“unjust, enduring, and unsustainable systems of Jewish supremacy”
The same ideology that is behind the BDS movement on many college campuses has now worked its way into the study of Israel.
Ari Blaff writes at Sapir Journal:
Israel Studies Has an Israel Problem
At the height of the latest round of conflict between Israel and Gaza last year, some 200 Israel and Jewish Studies scholars signed an open letter condemning Israel’s conduct. The letter denounced Israel’s “ethnonationalist ideologies” as well as its “settler colonial paradigm” — fancy language for calling Israelis fascists and insisting that Israelis have no more place in “Palestine” than the British in India or the Dutch and their descendants who imposed apartheid in South Africa.
What about the other major participant in the conflict, Hamas? The letter mentions the terrorist group just once, finding fewer than 30 words in over 900 to recognize the “pain, fear, and anger of Israeli Jews and Palestinian citizens of Israel who have lost loved ones and homes to unjustifiable and indiscriminate Hamas rockets” — unable even here to avoid suggesting that Palestinians are somehow as much the victims of Hamas as Israel is.
There was no recognition that the beginning, middle, and end of the conflict were all controlled by Hamas. There was no mention, either, of the conflict’s real sources — Hamas’s genocidal charter, the continuous diversion of humanitarian aid to fund the building of military assets, its Holocaust denialism, and its prolongation of the conflict via antisemitic and eliminationist education, including the publication of a glossy children’s magazine glorifying suicide bombings and terrorism. These were nonissues for these progressive scholars, more appalled by Jews who pray at our religion’s holiest site than by Hamas’s long history of murdering Jews.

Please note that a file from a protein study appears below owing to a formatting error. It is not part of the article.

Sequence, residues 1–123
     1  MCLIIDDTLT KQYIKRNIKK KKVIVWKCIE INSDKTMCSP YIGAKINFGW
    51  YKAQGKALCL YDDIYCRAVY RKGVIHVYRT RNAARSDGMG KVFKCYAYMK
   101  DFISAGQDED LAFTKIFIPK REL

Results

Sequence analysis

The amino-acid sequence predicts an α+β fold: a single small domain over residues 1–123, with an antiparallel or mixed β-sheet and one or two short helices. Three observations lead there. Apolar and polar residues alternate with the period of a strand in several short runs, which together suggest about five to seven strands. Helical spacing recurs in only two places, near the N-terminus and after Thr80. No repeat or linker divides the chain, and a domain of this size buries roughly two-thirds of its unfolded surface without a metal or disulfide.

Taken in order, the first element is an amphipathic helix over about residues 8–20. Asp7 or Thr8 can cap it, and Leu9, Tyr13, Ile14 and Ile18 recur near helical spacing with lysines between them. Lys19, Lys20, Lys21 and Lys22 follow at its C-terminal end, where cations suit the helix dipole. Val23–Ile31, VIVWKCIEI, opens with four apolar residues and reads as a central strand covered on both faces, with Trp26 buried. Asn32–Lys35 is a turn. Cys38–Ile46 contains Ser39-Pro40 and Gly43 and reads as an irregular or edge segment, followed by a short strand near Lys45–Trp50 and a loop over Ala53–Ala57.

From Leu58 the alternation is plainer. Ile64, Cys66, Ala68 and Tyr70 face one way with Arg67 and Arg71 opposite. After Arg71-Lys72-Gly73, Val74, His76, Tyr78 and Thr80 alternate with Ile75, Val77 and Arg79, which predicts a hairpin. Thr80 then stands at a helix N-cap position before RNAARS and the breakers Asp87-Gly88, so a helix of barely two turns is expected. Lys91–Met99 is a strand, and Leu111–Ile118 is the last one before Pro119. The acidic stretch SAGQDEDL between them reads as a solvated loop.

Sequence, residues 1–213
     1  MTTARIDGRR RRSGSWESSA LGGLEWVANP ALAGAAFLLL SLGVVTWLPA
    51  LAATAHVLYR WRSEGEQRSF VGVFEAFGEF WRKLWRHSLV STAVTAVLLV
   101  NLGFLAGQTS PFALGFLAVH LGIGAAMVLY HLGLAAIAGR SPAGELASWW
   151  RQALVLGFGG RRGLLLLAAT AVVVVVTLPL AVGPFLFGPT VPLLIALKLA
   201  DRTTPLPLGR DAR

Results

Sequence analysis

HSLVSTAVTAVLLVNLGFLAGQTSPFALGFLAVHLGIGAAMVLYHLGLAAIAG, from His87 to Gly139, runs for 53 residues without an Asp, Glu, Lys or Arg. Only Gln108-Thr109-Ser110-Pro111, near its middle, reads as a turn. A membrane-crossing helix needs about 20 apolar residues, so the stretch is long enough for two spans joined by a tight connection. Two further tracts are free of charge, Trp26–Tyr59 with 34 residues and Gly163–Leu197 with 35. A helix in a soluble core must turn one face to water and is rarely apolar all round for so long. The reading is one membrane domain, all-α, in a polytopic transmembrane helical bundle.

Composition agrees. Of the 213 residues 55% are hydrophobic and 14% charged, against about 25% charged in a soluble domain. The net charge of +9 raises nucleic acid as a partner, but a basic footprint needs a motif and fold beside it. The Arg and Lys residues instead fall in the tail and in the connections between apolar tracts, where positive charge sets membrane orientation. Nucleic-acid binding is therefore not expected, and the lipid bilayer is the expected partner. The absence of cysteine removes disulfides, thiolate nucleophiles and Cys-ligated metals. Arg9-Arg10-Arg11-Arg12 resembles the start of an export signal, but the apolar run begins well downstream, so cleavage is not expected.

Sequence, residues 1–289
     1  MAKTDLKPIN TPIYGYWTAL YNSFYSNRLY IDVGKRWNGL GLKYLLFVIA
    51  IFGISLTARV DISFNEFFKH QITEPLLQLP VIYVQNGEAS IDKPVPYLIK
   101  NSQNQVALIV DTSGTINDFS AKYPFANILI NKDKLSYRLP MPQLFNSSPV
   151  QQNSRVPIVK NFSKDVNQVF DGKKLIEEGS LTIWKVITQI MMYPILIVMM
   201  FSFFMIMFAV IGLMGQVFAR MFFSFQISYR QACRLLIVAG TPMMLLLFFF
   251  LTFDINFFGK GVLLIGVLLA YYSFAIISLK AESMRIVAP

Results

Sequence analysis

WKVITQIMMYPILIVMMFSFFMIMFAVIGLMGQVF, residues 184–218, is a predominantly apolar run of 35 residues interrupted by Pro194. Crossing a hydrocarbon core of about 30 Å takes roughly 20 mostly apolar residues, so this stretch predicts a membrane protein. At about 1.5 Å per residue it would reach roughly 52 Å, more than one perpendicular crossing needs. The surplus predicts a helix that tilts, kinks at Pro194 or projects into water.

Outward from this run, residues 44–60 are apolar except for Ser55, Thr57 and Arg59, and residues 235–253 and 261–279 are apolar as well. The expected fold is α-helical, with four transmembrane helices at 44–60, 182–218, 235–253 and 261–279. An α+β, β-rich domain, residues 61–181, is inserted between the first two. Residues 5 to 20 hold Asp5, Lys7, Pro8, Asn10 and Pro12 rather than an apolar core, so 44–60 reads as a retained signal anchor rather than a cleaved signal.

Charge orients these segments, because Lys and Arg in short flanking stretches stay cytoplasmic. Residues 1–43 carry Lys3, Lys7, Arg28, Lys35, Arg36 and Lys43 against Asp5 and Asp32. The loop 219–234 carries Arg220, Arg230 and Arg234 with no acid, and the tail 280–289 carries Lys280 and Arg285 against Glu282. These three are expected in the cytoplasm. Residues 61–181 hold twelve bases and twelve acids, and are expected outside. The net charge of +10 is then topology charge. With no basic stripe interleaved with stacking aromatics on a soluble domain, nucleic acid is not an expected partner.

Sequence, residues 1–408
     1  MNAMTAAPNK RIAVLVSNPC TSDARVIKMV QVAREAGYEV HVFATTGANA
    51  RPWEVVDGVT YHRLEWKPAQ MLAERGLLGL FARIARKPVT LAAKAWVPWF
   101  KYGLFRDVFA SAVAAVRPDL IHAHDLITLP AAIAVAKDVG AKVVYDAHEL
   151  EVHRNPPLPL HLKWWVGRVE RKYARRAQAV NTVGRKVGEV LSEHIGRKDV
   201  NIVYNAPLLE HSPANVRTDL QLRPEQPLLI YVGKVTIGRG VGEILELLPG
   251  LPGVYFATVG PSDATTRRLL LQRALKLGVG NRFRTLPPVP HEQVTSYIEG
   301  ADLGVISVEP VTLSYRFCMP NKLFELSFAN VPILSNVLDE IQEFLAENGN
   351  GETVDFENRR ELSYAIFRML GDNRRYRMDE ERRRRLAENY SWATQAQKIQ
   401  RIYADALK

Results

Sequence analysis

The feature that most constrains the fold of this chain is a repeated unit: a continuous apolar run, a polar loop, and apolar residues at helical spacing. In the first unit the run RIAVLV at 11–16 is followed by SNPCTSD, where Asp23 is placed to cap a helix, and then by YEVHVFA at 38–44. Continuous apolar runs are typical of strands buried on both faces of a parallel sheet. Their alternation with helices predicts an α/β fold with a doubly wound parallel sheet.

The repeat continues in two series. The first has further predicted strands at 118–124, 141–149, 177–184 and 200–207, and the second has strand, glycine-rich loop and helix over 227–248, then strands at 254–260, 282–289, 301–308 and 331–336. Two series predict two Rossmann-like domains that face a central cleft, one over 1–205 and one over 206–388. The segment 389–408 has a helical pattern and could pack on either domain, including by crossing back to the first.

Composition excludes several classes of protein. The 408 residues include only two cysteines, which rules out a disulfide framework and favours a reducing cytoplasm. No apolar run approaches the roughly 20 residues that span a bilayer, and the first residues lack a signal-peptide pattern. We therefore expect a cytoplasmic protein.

To add insult to injury, the letter condemned the “unjust, enduring, and unsustainable systems of Jewish supremacy,” a term popularized by white supremacist David Duke. Bear in mind that this all came amid skyrocketing antisemitism that witnessed Jews chased and beaten, taunted and kicked, targeted and vilified, across North America and Europe.
The open letter’s signatories included faculty at Barnard, Brandeis, Cornell, Chicago, Dartmouth, Duke, Emory, Fordham, Georgetown, Johns Hopkins, Michigan, NYU, Oxford, Penn State, Princeton, Stanford, and Temple, to mention just some of the more prominent institutions. Jewish and Israel Studies programs, it is now sadly clear, have an Israel problem.
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